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Title: Sixty years after ‘The mastodonts of Brazil’: The state of the art of South American proboscideans (Proboscidea, Gomphotheriidae)
Authors: Mothé, Dimila
Avilla, Leonardo dos Santos
Asevedo, Lidiane
Roman-Carrión, José Luis
Issue Date: Aug-2016
Publisher: Elsevier
Citation: Mothé, D. y et al., 2016. Sixty years after ‘The mastodonts of Brazil’: The state of the art of South American proboscideans (Proboscidea, Gomphotheriidae). Quaternary International : 1-13.
Series/Report no.: Quaternary International;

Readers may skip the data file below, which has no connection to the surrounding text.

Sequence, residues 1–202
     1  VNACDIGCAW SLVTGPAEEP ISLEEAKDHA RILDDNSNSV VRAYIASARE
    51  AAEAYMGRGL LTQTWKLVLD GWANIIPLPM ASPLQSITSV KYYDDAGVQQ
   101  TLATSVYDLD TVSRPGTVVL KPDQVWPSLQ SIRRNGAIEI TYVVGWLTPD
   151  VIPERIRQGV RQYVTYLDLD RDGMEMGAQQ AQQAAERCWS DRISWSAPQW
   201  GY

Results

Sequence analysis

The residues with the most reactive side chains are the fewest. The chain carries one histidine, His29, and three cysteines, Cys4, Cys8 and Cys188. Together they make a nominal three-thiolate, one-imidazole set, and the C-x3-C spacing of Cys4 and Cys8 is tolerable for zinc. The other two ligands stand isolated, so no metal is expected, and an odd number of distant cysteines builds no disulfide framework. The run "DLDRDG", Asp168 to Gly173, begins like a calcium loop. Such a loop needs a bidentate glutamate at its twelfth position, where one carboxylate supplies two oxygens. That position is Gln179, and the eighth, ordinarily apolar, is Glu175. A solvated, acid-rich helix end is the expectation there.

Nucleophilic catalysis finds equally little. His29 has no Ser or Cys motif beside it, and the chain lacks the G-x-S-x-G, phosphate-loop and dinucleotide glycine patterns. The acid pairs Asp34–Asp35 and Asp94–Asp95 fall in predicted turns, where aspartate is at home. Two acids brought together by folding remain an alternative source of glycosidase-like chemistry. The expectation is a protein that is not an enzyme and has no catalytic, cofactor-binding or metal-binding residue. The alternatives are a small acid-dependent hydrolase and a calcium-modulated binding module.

Abstract: Studies on South American Gomphotheriidae started around 210 years ago and, 150 years later, the classic study “The mastodonts of Brazil” by Simpson and Paula Couto (1957) attempted to clarify the complex issues related to our understanding of these proboscideans. Here, we update state of knowledge regarding proboscideans in South America subsequent to the publication of Simpson and Paula Couto (1957). The taxonomy of South American proboscideans is now stable and two species are recognized, Notiomastodon platensis and Cuvieronius hyodon. The former had a wide distribution in South America (from lowlands to highlands and from east to west coasts), while the latter was restricted to Ecuador, Peru and Bolivia. Although records of Notiomastodon are abundant and occur in almost overlapping geographic distribution with Cuvieronius, they have never been recorded in the same locality. Here, we evaluated over 500 South American localities with proboscidean remains, although only cranial and dental specimens show recognizable diagnostic features. As both proboscideans in South America had a generalist-opportunist alimentary strategy, a competitive exclusion probably precluded their sympatry. Their origin is most probably related to independent migrations from Central America during the Great American Biotic Interchange. They are not sister-taxa e Cuvieronius hyodon is sister-taxon of Rhynchotherium, and this clade is closer to Notiomastodon platensis than to the other proboscideans, supporting the hypothesis of independent origins. Notiomastodon platensis has a continuous record from the Early Pleistocene to Early Holocene, when it became extinct, probably due to synergy of human impact and climatic changes during the Pleistocene/Holocene transition. In contrast, extinction of Cuvieronius hyodon happened much earlier, and it was not related to the terminal Pleistocene event that lead the extinction of selected megafauna in South America, including Notiomastodon.
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